In order to maintain honor and fairness, therefore, increasingly complex dueling codes were written between the 1500’s and early 1900’s, each one prescribing the exact manner in which a duel should progress from the initial insult to the combat itself. These codes resemble nothing so much as legal documents with their conditions, caveats, and procedures, and different countries developed slightly different forms and protocols over time. External parties, or seconds, were generally always included to negotiate the conditions of the impending duel for the primary combatants, hopefully with the intention of forging a peaceful settlement to the dispute. Seconds would also be present at the combat to make certain that no foul play was involved, though it was not unheard of for them, too, to join the combat as it progressed. In this way many duels resulted in several injuries and deaths, rather than just one or two. Regulation of later duels progressed to the point where a “director of combat” was recruited to maintain protocol, and a physician recruited to provide whatever medical services might be needed on the spot. Apart from the principles themselves, who could end the fight whenever they felt they had received satisfaction, the seconds after consulting with the doctor had the power to end the duel.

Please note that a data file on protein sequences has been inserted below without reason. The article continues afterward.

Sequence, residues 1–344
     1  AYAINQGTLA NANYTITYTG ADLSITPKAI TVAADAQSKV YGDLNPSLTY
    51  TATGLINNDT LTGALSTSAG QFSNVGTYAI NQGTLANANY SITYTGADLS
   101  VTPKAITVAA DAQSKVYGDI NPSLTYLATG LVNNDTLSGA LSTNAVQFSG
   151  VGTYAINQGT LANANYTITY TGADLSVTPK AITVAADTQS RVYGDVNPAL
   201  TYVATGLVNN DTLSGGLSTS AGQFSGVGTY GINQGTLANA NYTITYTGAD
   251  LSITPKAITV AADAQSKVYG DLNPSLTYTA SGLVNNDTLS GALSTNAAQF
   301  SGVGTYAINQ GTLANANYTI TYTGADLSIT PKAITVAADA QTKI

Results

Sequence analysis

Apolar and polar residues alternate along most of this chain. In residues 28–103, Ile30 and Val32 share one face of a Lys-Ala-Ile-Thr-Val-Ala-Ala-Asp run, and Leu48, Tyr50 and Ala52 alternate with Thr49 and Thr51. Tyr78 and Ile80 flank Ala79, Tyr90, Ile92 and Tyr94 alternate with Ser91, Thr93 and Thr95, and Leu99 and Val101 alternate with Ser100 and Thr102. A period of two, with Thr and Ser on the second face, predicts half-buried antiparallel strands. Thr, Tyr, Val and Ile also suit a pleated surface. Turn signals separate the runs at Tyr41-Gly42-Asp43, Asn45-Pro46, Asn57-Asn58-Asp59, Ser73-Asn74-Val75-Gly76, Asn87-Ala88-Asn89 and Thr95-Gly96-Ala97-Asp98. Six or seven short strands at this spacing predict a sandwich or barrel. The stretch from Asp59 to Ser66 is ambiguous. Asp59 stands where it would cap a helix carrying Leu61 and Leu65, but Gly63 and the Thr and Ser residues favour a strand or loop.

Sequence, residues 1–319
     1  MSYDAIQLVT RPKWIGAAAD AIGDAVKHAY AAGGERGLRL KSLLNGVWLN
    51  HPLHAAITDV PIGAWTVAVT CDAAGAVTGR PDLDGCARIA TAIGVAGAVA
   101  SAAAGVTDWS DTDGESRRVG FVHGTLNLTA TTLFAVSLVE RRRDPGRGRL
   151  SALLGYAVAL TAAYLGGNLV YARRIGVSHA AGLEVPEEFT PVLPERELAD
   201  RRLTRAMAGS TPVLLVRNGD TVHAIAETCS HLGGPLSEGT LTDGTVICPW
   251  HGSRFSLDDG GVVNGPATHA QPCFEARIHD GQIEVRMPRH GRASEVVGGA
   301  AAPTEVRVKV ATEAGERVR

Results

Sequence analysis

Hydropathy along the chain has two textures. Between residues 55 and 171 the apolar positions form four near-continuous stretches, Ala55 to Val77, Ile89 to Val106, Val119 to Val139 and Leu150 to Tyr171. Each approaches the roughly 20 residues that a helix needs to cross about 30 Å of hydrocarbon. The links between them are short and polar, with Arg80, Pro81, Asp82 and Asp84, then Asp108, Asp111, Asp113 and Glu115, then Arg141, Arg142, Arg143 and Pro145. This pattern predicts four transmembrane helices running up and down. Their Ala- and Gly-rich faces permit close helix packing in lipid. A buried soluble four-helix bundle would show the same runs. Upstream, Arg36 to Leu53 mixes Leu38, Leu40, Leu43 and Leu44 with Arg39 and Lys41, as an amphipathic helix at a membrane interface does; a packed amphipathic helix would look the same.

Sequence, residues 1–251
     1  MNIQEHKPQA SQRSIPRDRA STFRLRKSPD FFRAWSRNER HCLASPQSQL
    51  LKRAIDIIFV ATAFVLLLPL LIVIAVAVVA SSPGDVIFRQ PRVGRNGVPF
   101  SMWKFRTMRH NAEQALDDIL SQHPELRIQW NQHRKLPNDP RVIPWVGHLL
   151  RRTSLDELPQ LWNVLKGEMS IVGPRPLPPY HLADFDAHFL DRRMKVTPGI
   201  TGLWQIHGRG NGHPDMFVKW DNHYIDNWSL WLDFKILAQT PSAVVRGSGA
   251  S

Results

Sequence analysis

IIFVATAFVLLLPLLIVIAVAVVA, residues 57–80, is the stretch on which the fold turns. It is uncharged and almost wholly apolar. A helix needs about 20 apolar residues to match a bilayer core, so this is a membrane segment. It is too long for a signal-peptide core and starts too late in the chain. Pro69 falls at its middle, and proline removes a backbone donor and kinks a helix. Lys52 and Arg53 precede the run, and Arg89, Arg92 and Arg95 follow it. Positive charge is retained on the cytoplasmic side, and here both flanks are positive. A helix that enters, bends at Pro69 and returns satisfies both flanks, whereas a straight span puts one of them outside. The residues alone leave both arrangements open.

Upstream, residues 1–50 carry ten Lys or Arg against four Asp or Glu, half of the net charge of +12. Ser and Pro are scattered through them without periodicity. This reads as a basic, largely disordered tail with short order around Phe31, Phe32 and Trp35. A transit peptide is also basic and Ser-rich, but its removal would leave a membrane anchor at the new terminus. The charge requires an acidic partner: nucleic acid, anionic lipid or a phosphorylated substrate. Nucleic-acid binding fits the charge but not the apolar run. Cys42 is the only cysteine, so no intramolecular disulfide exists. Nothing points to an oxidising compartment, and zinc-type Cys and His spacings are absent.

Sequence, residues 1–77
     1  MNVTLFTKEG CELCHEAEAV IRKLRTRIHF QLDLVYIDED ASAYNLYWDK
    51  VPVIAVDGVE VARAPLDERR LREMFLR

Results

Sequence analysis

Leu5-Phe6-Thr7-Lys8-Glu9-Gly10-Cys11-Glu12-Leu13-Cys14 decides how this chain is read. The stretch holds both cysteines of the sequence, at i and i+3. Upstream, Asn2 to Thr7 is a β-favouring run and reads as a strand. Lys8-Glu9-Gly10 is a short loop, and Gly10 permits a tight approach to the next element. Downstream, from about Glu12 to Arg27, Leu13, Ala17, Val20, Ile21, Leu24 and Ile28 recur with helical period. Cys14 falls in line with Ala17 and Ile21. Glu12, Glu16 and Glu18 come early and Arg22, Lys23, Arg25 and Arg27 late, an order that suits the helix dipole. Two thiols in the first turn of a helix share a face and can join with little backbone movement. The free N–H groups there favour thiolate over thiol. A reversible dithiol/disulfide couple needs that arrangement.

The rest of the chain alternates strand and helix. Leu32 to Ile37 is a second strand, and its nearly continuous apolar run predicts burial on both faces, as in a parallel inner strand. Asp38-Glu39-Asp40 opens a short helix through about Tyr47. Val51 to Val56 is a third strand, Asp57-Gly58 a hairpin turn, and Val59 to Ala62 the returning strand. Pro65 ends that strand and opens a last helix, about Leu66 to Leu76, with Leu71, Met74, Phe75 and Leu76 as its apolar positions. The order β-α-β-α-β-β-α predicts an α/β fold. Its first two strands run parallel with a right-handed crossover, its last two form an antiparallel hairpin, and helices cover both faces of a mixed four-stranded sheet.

Generally, the earliest duels were fought with swords – rapiers and small-swords – though as pistols became increasingly common they became more frequent on dueling-grounds in several countries such as Britian and the United States. Any weapon could technically be considered fair game for a duel, and so harpoons, sabers on horseback, and bowie knives are all known to have been occasionally (if infrequently or rarely) selected. However, our romantic notions of the duel most commonly bring to mind notions of swordsmen at dawn, stripped to the waist, and indeed it is this genre of the duel which brought about much of the evolution of fencing. As firearms increasingly limited the use of the sword on the battlefield the sword became increasingly common as a civilian weapon, specialized for street defense and for the duel. Though its battlefield examples did not truly vanish until the first World War, the sword became increasingly suited to the needs of those individuals who used them in private quarrels. With battlefield needs eliminated or reduced, various forms of swords appeared with one-on-one combat specifically in mind, and methods of using them changed to meet these needs as well. Thus the widespread practice of dueling did a great deal to bring about the evolution of fencing as we know it, with slightly varying preferences and versions across several different countries producing a variety of weapons such as German schlagers, French small-swords and épée, and Italian spade, spadini, and sabres. Most of the history of fencing, as we know it, is therefore tied to the history of the duel.